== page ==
Central & South Oregon Coast Fishing Reports for Jan 22nd

In Salem, The Fish and Wildlife Commission met on Monday to set harvest specifications and season structure for recreational groundfish.
Oregon’s rules are based on the federal rules adopted by the Pacific Fishery Management Council and 2016 harvest limits are the same as last year. This year’s recreational ground fish regulations will be a seven fish daily bag limit for all Marine Fish (rockfish, greenling, and Cabazon), no more than one of which may be a Cabezon or Canary Rockfish, and no more than three of which may be a Blue or Deacon Rockfish. Cabezon are off the limits for ocean anglers until July under the regular seasonal closure.

ODFW wants halibut anglers to weigh in on open dates for the 2016 spring all-depth sport halibut fishery in the Central Coast subarea. And like last year, there are three ways to give feedback—attend a public meeting, participate via webinar, or take an online survey.

The Central Oregon Coast Subarea extends from Cape Falcon to Humbug Mt., and includes most Oregon ports except those in the Astoria area, Gold Beach, and Brookings. The seasons for the Columbia River and Southern Oregon Subareas have already been established for this year.

“The sport halibut fishery is popular, so we want to ensure we hear from as many anglers as possible,” said Lynn Mattes, halibut project leader for ODFW.

Participants in the process will help choose the number of spring all-depth “fixed” and “back-up” dates, and the weeks in which those open dates occur.

The public meeting will begin at 6 p.m. on Tuesday, Feb. 2 at the ODFW Newport office, 2040 SE Marine Science Drive. Participants can join the meeting online at https://global.gotomeeting.com/join/620143213, or dial in at 1-(408) 650-3123 Access code: 620-143-213.

Finally, anglers can offer input through an online survey, which will be available on the ODFW halibut webpage from Feb. 2-7, 2016.

For questions, or to provide additional comments without attending the meeting, anglers should contact Lynn Mattes at 541-867-0300 ext. 237 or by e-mail: lynn.mattes@state.or.us or Maggie Sommer at 541-867-0300 ext. 227 or by e-mail: maggie.sommer@state.or.us.

The entire staff at TGF World Headquarters is looking forward to the upcoming version of Dangerous Jobs which will follow commercial crabbers out of Newport. We wondered, though, which jobs are really the most dangerous.?, We had to look no further than an article in the Statesman Journal from January 5, 2016.

“A report by the National Institute on Occupational Safety and Health in 2009 found that East Coast ground fishing was the deadliest, followed by Atlantic scallops. In third place was Dungeness crabbing off of Oregon and Washington. The fishery had 25 deaths among a workforce of 8,092 between 2000 and 2009, a rate of 310 deaths per 100,000 full-time-equivalent workers. The Bearing Sea crab fleet suffered 12 deaths among a workforce of 4,658 fishermen, or 260 per 100,000 full-time-equivalents.”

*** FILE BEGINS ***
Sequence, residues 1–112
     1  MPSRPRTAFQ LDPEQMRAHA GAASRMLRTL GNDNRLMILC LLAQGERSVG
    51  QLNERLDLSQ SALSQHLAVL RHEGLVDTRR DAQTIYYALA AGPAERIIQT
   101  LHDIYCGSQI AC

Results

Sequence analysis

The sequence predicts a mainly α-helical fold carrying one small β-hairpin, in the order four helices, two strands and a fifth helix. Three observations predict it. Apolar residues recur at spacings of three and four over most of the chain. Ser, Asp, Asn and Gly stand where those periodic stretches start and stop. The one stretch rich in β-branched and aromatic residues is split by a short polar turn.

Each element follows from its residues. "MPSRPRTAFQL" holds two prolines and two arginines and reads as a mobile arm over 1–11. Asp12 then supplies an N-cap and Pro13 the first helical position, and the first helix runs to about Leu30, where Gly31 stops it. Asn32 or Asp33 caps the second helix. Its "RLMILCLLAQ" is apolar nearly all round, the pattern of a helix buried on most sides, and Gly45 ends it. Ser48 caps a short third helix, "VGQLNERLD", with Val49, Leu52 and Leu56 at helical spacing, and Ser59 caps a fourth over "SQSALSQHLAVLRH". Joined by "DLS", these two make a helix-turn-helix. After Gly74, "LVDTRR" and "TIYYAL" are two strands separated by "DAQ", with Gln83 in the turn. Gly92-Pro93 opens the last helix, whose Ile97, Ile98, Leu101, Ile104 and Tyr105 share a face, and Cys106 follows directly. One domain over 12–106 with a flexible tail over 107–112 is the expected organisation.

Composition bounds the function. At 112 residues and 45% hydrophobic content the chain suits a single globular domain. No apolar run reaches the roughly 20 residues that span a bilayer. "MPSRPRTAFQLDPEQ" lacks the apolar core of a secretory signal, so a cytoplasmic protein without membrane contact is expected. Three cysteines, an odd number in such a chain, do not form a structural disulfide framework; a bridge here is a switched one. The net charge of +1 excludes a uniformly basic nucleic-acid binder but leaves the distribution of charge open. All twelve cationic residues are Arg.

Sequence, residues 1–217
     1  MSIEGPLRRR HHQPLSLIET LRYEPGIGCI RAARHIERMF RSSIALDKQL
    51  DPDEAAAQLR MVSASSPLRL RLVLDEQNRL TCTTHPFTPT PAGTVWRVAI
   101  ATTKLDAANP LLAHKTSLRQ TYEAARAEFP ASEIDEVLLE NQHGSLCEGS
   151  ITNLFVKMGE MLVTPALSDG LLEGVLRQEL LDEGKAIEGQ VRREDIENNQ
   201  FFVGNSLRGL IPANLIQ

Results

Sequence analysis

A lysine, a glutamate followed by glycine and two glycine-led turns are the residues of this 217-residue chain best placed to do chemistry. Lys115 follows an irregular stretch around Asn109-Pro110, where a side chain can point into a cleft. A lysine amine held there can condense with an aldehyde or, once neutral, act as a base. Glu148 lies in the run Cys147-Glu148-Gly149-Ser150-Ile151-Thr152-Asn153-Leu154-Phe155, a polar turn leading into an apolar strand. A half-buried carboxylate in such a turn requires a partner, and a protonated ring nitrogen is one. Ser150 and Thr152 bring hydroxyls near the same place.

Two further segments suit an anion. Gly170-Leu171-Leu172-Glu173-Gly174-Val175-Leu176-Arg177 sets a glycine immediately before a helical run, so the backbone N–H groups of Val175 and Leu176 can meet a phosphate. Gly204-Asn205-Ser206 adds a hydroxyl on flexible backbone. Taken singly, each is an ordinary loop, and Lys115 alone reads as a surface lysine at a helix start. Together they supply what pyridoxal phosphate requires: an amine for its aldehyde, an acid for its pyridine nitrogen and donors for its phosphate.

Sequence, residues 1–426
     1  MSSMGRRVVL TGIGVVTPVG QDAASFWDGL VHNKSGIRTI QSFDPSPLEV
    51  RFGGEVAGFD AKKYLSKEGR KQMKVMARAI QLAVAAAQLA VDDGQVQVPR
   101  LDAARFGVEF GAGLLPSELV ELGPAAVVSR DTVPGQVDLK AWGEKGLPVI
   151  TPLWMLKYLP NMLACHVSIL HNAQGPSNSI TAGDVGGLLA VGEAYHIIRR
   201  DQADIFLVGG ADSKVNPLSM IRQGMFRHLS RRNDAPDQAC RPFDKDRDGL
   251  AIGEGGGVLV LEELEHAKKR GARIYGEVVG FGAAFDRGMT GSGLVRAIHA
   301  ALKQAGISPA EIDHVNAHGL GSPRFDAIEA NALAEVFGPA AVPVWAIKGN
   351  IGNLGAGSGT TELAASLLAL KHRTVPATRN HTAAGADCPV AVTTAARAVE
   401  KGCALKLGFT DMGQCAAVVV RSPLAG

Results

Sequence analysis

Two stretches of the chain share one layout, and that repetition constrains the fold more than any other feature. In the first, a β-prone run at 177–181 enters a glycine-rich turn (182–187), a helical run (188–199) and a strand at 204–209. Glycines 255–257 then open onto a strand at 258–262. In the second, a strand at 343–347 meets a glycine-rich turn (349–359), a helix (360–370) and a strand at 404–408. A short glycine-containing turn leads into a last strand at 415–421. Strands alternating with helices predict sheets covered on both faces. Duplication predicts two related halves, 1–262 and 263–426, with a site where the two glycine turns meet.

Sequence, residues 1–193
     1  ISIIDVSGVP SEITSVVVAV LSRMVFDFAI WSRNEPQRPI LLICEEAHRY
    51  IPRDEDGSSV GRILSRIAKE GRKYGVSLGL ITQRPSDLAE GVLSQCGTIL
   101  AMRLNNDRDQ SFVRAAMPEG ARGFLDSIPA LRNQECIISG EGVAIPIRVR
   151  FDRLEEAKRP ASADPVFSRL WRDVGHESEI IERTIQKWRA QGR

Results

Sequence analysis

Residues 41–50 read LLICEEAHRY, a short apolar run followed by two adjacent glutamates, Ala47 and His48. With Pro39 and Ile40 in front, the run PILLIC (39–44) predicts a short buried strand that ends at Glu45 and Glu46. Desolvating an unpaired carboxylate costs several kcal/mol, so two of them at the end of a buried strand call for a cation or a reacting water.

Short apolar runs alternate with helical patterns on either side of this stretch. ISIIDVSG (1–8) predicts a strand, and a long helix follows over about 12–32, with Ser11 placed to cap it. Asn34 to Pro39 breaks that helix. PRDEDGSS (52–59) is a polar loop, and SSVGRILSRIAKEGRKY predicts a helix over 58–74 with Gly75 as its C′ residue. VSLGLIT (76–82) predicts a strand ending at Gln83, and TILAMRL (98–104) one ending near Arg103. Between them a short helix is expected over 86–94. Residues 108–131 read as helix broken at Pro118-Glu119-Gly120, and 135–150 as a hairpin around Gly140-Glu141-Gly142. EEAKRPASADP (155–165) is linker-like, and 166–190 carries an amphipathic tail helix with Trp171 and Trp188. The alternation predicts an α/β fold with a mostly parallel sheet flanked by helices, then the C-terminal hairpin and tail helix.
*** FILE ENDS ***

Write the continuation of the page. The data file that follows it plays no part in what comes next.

The lower Rogue River went well over flood stage and 80,000 cfs on January 18th. That’s just Monday this week! Since then it has been dropping but is forecast to rise and fall again while maintaining flows over the coming week that are not fishing friendly. These conditions are forecast to endure. Despite a brief respite early in the coming week, another storm system is due. The middle Rogue offers promise for this with really great timing and if the predictions for the Grants Pass stretch remain accurate. This stretch of the river has been producing decent catches of both fresh winters and spawned-out summer steelhead but fishing has been fair to good. Those brief windows of opportunity will open tomorrow, January 22nd but the next predicted drop won’t occur until Tuesday nest week. Anglers can keep one wild steelhead 24 inches or longer per day now from Hog Creek on down. On the upper rogue, steelheaders are catching mostly summers, the majority of which have already been recycled from the hatchery. As a result, many of these fish are dark and of poor quality, but they are biting roe, yarn balls and plugs worms and watermelon corkies and small egg clusters.

While side-drifting roe and also running small plugs were effective for steelhead on the Chetco through January 11th or so, the waters started rising on the 13th and it’s been mostly a muddy mess since. Hold on, though. Not only does the season run through March but there’s high hopes for the coming week. The Chetco will continue to rise through the weekend, cresting on Sunday. The drop will be rapid with plunkers getting an opportunity on Tuesday in the week to come. starting mid-week, a mix of roe, sand shrimp and even plugs be taking steelhead.
This year, thanks to excellent color, the Chetco has been plunking at 8,000 cfs where it usually has had to drop to 5,000 or so. Don’t let higher flows deter you! Anglers may keep two hatchery steelhead a day, or one wild steelhead and one hatchery steelhead, with no more than 1 wild steelhead a day; five per year. Tip – When the river gets in to shape again, be sure to try small Mag Lip 3.0 and 3.5 lures in purple and pink variations.

According to a telephone report from with Diamond Lake marina, no one has been out last two days with mild temperatures and rain making the surface is unstable.